My adventuring into the Japanese hospital system, then, was in part an adventure into the Japanese language, though I never needed to use my Japanese when face to face with Dr. Lux, whose English was flawless, native-speaker level. (Yes, rumor to the contrary, there are Japanese people in Japan who can speak excellent English, and I have personally come face to face with a number of them, since one of my occasional assignments involved twenty-minute interview tests designed to test the higher verbal limits of students who had scored excellent results in pen and paper tests.)
Anyway, On Monday April 12th I put my Japanese language skills to the test when I went along to Kappatani Hospital to see Dr. Lux. On this visit, my first ever visit to Kappatani Hospital, the first step was to register as a patient, which involved filling in a Japanese-language form. This required me, amongst other things, to state my date of birth using the TSH system.
The English letters "TSH", which occasionally crop up on Japanese-language forms, stand for "Taisho Showa Heisei", these being three different imperial eras. The Taisho Era was from 1912 to 1926, so if you were born in 1912 then your year of birth would be "Taisho One" and if you were born in 1913 your year of birth would be "Taisho Two", and so forth.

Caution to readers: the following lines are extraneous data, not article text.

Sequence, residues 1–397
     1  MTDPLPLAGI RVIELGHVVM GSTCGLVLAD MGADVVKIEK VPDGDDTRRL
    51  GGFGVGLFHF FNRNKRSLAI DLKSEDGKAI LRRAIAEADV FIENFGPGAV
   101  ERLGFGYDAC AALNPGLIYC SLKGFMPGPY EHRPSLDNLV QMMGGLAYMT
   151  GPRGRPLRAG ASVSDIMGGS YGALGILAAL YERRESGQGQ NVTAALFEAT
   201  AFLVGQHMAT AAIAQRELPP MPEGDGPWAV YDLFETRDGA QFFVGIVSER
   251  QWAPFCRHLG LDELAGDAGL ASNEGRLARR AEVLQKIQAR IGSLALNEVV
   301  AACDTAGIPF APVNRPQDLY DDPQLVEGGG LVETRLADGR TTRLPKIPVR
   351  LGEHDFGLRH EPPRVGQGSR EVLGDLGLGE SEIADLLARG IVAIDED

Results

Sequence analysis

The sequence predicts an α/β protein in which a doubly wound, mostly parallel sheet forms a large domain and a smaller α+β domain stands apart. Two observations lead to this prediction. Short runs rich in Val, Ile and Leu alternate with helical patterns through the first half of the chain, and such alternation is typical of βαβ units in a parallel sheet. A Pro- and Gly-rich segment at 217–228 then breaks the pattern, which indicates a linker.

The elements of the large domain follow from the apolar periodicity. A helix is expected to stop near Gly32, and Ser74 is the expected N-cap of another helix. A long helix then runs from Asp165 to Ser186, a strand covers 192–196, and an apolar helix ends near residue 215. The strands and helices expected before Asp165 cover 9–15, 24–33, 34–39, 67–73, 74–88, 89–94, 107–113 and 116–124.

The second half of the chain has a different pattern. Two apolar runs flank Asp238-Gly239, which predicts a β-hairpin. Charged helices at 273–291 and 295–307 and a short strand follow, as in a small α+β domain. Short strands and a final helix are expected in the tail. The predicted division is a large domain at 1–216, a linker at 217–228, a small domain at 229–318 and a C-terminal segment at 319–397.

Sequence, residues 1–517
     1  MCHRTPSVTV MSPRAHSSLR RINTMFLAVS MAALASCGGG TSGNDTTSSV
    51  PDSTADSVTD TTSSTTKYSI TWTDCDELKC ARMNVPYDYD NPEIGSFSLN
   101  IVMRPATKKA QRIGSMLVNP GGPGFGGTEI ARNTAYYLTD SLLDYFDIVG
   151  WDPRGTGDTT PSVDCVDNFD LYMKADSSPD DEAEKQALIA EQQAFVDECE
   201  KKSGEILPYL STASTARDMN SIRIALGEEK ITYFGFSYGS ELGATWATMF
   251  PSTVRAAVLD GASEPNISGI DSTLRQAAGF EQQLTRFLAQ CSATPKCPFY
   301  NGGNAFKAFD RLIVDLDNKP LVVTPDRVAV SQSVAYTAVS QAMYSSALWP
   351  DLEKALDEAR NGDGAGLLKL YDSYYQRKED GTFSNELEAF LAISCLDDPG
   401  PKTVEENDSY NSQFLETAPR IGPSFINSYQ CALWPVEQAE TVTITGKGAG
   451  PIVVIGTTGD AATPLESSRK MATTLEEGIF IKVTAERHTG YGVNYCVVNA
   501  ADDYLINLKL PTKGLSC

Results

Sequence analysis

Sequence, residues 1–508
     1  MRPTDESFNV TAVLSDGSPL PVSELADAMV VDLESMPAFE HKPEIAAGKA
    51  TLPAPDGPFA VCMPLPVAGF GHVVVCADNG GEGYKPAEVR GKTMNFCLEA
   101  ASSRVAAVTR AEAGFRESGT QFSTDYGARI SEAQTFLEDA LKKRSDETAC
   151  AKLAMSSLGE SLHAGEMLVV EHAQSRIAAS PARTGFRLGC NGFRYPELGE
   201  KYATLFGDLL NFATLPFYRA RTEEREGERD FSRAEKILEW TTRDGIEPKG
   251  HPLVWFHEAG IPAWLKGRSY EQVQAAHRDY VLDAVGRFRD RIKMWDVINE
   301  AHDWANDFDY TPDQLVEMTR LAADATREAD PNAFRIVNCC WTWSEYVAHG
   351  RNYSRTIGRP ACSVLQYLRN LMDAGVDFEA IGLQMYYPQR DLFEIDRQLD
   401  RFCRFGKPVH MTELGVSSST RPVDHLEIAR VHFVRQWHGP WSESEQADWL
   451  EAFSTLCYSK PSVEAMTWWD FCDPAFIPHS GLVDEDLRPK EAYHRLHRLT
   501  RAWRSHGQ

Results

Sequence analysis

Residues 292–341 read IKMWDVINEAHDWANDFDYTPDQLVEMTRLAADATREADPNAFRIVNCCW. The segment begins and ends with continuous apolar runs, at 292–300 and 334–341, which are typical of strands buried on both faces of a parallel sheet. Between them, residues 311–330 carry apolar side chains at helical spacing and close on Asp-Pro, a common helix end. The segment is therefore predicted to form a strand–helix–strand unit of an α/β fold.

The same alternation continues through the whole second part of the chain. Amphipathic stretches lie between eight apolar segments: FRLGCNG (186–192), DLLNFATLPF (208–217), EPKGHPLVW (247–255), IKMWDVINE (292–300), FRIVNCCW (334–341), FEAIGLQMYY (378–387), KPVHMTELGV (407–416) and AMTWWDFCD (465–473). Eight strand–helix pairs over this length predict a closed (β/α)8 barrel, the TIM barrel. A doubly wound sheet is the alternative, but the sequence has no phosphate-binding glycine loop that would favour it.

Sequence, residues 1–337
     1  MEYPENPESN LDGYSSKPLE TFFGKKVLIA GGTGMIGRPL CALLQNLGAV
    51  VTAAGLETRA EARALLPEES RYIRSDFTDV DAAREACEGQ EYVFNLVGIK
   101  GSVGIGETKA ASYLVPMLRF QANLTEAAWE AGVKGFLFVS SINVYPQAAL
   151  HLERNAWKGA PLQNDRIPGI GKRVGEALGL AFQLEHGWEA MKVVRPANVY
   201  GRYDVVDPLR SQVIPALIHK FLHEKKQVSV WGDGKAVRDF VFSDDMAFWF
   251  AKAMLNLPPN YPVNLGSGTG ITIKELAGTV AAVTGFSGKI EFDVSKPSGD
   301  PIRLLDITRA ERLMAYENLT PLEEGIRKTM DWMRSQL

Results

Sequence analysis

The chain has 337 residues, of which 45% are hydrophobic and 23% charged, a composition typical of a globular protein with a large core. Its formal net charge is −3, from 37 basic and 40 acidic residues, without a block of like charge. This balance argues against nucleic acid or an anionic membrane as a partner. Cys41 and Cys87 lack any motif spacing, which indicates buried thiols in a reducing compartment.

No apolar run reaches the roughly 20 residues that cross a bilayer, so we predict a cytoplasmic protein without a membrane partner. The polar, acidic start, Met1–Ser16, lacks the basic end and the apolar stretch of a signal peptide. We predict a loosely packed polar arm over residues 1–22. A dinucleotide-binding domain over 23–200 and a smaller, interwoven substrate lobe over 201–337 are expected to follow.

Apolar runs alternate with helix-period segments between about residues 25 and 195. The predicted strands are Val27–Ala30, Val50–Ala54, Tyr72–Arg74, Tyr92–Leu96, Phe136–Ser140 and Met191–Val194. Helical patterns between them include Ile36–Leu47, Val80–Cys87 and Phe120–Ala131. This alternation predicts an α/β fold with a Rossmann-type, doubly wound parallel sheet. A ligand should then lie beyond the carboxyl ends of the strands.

The next era was that of the Showa Emperor, which ran from 1926 to 1989. This was the era in which the reining emperor was Hirohito, who is known posthumously in Japan as the Showa Emperor. (It is a standard custom for Japanese people to have posthumous names which are different from those they used in life, and this custom applies not just to emperors but to ordinary citizens such as my wife's late father, whom I never had the pleasure of meeting.) I was born in 1956, which was the thirty-first year of the Showa era, so my year of birth was "Showa Thirty-one", or, in Japanese, "Showa San-juu-ichi".